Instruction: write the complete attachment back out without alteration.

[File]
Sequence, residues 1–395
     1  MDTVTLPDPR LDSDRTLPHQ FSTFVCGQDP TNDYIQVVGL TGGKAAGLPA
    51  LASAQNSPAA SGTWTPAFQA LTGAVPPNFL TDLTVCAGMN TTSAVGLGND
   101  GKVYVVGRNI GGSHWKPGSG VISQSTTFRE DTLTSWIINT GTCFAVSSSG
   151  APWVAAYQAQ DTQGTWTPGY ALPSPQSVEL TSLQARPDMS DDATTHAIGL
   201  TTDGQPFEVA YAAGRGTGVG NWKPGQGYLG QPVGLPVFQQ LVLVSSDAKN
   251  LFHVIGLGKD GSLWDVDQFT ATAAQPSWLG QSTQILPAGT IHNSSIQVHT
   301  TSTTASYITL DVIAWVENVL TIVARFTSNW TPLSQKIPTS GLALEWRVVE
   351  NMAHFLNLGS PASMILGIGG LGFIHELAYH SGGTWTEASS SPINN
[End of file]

Sequence, residues 1–395
     1  MDTVTLPDPR LDSDRTLPHQ FSTFVCGQDP TNDYIQVVGL TGGKAAGLPA
    51  LASAQNSPAA SGTWTPAFQA LTGAVPPNFL TDLTVCAGMN TTSAVGLGND
   101  GKVYVVGRNI GGSHWKPGSG VISQSTTFRE DTLTSWIINT GTCFAVSSSG
   151  APWVAAYQAQ DTQGTWTPGY ALPSPQSVEL TSLQARPDMS DDATTHAIGL
   201  TTDGQPFEVA YAAGRGTGVG NWKPGQGYLG QPVGLPVFQQ LVLVSSDAKN
   251  LFHVIGLGKD GSLWDVDQFT ATAAQPSWLG QSTQILPAGT IHNSSIQVHT
   301  TSTTASYITL DVIAWVENVL TIVARFTSNW TPLSQKIPTS GLALEWRVVE
   351  NMAHFLNLGS PASMILGIGG LGFIHELAYH SGGTWTEASS SPINN